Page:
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.\"	"@(#)invert.1	4.5	5/27/93";
.TH INVERT 1 "2 September 1983"
.UC 4
invert, lookup \- create and access an inverted index
.B invert
[option ... ] file ...
.B lookup
[option ... ]
.I Invert
creates an inverted index to one or more files.
.I Lookup
retrieves records from files for which an inverted index exists.
The inverted indices are intended for use with
.IR bib (1).
.I Invert
creates one inverted index to all of its input files.
The index must be stored in the current directory and may not be moved.
Input files may be absolute path names or paths relative to the current
Each input file is viewed as a set of records;
each record consists of non-blank lines;
records are separated by blank lines.
.I Lookup
retrieves records based on its input
.I (stdin).
Each line of input is a retrieval request.
All records that contain all of the keywords in the retrieval request
are sent to
.I stdout.
If there are no matching references, ``No references found.'' is sent to
.I stdout.
.I \ Lookup
first searches in the user's private index (default INDEX)
and then, if no references are found,
in the system index (/usr/dict/papers/INDEX).
The system index was produced using
.I invert
with the default options;
in general, the user is advised to use the defaults.
Keywords are a sequence of non-white space characters
with non-alphanumeric characters removed.
Keywords must be at least two characters and are truncated
(default length is 6).
Some common words are ignored.
Some lines of input are ignored for the purpose of collecting keywords.
The following options are available for
.I invert:
.IP "\-c \fIfile\fP" 8m
.IP \-c\fIfile\fP
File contains common words, one per line.
Common words are not used as keys.
(Default /usr/new/lib/bmac/common.)
.IP "\-k \fIi\fP"
.IP \-k\fIi\fP
Maximum number of keys kept per record. (Default 100)
.IP "\-l \fIi\fP"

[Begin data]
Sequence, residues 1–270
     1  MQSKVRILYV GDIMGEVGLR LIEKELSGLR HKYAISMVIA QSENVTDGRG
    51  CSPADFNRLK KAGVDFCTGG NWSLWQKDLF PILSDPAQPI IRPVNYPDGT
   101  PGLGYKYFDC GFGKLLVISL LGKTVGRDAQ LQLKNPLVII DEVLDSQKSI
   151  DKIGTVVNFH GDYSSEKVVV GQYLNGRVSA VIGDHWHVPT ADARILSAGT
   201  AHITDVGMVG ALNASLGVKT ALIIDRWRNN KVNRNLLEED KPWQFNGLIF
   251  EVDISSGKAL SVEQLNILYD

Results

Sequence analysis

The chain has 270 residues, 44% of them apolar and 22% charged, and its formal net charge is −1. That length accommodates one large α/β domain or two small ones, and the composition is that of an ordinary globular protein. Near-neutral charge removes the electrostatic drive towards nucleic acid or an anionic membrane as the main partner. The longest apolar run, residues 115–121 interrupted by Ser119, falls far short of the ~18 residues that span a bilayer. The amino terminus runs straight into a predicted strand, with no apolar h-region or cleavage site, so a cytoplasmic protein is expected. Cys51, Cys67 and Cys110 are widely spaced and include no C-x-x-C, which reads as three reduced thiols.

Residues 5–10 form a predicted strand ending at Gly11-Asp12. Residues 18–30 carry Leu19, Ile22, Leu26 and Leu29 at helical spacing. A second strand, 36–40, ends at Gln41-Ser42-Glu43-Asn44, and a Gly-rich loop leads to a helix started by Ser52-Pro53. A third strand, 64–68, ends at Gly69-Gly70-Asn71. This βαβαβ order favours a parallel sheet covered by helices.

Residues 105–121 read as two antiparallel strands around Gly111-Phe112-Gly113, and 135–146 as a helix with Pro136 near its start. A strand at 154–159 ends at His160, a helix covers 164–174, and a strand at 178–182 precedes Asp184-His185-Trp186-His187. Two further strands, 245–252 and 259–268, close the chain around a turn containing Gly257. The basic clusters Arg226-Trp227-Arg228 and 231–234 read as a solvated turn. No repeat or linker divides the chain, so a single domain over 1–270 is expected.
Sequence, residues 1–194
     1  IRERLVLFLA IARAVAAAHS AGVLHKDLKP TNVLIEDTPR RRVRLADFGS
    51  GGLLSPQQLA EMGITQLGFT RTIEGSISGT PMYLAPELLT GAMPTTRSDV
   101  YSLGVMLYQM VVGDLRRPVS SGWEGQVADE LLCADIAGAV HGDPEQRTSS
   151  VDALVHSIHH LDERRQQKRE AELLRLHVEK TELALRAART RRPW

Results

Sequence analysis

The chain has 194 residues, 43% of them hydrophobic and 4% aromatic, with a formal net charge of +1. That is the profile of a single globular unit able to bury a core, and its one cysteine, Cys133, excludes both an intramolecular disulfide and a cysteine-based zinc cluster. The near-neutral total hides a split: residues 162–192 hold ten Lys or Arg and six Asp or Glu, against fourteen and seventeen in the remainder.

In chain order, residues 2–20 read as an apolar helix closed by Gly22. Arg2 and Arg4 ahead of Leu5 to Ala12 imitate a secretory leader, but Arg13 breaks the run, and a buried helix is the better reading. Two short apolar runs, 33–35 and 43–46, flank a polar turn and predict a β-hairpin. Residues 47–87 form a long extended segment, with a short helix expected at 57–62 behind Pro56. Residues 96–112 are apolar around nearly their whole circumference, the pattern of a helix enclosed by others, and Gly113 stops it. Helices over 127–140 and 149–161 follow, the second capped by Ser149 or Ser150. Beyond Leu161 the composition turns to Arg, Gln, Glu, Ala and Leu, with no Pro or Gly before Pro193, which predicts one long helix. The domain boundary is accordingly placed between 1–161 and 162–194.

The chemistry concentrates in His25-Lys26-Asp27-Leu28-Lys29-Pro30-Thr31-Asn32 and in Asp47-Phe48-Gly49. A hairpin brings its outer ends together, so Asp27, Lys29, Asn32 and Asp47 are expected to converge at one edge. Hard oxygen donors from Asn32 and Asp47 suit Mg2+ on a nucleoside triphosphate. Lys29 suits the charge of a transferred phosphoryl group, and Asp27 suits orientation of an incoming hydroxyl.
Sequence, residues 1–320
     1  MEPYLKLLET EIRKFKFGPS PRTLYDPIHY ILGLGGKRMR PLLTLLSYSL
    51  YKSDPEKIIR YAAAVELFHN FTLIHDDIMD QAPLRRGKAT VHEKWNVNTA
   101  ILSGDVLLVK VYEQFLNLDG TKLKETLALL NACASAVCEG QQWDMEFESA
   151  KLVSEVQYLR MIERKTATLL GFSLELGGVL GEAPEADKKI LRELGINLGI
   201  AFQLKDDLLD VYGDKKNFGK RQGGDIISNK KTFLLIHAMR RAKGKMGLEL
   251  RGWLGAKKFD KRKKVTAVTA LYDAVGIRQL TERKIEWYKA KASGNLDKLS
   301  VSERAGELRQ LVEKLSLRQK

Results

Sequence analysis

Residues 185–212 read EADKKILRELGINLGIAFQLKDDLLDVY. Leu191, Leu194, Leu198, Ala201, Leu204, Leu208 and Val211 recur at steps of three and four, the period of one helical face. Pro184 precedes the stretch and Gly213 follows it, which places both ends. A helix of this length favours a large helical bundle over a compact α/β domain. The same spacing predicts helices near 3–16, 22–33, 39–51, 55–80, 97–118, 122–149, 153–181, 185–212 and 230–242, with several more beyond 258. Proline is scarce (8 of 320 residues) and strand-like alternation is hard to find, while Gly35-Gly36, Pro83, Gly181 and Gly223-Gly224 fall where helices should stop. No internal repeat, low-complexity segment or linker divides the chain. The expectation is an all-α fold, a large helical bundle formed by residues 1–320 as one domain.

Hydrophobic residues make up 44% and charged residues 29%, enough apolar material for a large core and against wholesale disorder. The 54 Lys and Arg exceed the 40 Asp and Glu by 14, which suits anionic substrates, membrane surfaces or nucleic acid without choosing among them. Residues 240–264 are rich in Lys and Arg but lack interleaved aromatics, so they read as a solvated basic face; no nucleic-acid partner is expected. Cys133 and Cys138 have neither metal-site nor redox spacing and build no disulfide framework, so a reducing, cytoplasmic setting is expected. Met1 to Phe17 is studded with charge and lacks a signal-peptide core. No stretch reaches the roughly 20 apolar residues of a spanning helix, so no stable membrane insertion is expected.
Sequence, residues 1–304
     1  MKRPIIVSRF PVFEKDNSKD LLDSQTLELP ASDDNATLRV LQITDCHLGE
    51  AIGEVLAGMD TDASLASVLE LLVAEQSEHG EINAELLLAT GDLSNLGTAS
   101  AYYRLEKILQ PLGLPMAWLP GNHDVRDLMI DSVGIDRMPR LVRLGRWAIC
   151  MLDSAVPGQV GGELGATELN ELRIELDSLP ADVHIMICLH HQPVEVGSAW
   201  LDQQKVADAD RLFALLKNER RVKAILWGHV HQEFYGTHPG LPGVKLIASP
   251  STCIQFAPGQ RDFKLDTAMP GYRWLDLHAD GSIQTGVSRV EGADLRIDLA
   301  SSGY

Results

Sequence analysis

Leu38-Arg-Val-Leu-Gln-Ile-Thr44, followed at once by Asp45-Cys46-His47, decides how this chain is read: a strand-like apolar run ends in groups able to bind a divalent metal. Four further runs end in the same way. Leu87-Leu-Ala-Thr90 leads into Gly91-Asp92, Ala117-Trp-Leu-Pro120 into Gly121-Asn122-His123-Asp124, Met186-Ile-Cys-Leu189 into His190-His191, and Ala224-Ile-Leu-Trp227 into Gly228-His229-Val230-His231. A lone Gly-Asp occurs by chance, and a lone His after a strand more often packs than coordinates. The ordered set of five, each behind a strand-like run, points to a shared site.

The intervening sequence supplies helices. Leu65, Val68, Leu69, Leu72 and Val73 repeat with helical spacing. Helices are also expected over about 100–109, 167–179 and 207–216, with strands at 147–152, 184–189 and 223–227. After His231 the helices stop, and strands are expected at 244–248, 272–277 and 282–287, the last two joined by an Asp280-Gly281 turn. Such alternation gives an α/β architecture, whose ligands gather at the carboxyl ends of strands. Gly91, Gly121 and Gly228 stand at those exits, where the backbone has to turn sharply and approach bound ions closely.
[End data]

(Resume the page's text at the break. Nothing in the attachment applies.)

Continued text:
.IP \-l\fIi\fP
Maximum length of keys. (Default 6)
.IP "\-p \fIfile\fP"
.IP \-p\fIfile\fP
File is the name of the private index file (output of
.IR invert ).
(Default is INDEX.)
The index must be stored in the current directory.
(Be careful of the second form.
The shell will not know to expand the file name.
E.g. \-p~/index won't work; use \-p\ ~/index.)
.IP \-s
Suppress statistics.
.IP -%\fIstr\fP
Ignore lines that begin with %x
where x is in
.I str.
(Default is CNOPVX. See
.IR bib (1)
for explanation of field names.)
.I Lookup
has only the options
.BR c ,
.BR l ,
.B  p
with the same meanings as
.I bib.
In particular, the
.B p
option can be followed by a list of comma separated index files.
These are searched in order from left to right until at least one reference
is found.
INDEX                    inverted index
/usr/tmp/invertxxxxxx    scratch file for invert
/usr/new/lib/bmac/common     default list of common words
/usr/dict/papers/INDEX   default system index
\fIA UNIX Bibliographic Database Facility\fP,
Timothy A. Budd and Gary M. Levin,
University of Arizona Technical Report 82-1, 1982.
Messages indicating trouble accessing files are sent on
.I  stderr.
There is an explicit message on
.I stdout
.I lookup
if no references are found.
.I Invert
produces a one line message of the form,
\*(oq%D\ documents\ \ \ %D distinct\ keys\ \ %D\ key\ occurrences\*(cq.
This can be suppressed with the \-s option.
The message \*(oqlocate: first key (%s) matched too many refs\*(cq
indicates that the first key matched more references than could be stored
in memory.
The simple solution is to use a less frequently occurring key as the first
key in the citation.
No attempt is made to check the compatibility between an index
and the files indexed.
The user must create a new index whenever
the files that are indexed are modified.
Attempting to invert a file containing unprintable characters can
cause chaos.